After luring journalists away from last week’s Detroit auto show for a sneak peak, Ford is ready to show the world its new 2018 Mustang.
That face. Online backlash was moderate to severe when leaked b-roll footage of the new ‘Stang appeared online last night, with some wags claiming the updated model must be unhappy. Beneath the downturned face, however, there’s a host of upgrades designed to satisfy performance-minded enthusiasts.
On that front, ‘Stang purists can breathe a sigh of relief. The 5.0-liter Coyote V8, rumored to be replaced by a 4.8-liter unit, won’t disappear after all. But one long-running engine choice had to skip this party to attend its own funeral.
Ford’s 5.0-liter “Coyote” V8 has dutifully powered variants of the automaker’s Mustang and F-150 since 2011, instilling the brand’s pony car with the kind of heritage that can only be squeezed from 302 cubic inches.
Well, time (and technology) marches on, and Ford’s lower-shelf V8 is due for a replacement. According to a recent report, the Blue Oval folks aren’t choosing sides when it comes to the best way to squirt gas into the new mill.
Art VandelayI bet more Ferraris get driven than people comment on this site post-update lol
Jim HolmgrenAbsolutely love my TR8. It's a thoroughly modern car by Triumph standards. Comfortable to drive and ride in. AC and power steering - plus power brakes. The Rover V8 is the perfect engine for the car. It pulls strong without being ridiculous and it makes "a proper noise". In convertible form, I see nothing controversial about the styling for the 1980s.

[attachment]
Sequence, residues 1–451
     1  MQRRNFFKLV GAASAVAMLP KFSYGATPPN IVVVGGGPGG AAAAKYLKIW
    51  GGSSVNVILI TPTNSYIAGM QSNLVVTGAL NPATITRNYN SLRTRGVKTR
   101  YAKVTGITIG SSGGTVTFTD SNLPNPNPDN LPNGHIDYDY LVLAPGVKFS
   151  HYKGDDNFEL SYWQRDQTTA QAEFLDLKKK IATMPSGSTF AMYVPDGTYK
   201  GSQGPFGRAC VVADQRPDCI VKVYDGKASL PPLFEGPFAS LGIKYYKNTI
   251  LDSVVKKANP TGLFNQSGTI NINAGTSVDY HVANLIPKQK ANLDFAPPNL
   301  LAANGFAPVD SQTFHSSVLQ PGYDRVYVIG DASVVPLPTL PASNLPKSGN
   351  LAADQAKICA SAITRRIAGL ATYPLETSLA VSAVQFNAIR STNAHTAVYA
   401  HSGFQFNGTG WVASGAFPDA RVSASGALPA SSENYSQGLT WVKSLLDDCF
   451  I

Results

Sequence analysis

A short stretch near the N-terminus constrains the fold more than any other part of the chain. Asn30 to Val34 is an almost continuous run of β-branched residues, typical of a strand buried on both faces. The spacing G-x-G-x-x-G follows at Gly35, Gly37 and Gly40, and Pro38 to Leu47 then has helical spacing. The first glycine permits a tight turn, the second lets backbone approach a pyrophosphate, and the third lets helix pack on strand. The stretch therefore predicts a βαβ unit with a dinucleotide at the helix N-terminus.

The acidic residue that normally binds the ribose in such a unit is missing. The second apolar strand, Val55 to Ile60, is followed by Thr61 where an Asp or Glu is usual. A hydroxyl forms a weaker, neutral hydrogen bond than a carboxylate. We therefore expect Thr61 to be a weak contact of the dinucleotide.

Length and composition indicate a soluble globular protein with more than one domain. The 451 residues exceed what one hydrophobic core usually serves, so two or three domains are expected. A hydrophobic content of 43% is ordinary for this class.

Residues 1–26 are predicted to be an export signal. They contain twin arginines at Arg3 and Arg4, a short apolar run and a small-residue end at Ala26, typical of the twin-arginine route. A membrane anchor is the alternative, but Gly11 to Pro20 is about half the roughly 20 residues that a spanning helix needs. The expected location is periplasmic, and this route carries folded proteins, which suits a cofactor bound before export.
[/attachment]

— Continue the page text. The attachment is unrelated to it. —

CaddyDaddyMost TR8s have a pair of side-draft Stromberg carbs. HUH? I do believe those are SU or British made Skinners Union Carbs. May want to fix the article before some British Car loyalist has a heart attack in his garage while reading the article in the Midlands.
Arthur DaileyThe only TR-8 that I knew was a 'project' car that sat in the same driveway for many, many years. Did however have a friend with a TR-7. Can confirm that the instrument panel, interior materials such as fabric/upholstery, ergonomics and in particular the seats were superior to my Corvette of the same vintage. However in the first week that my friend had his TR-7 while pulling out of a shopping centre, his driver's side door 'fell off' the car. Quality control was to put it mildly, primarily just a 'rumour' at B.L. during that period.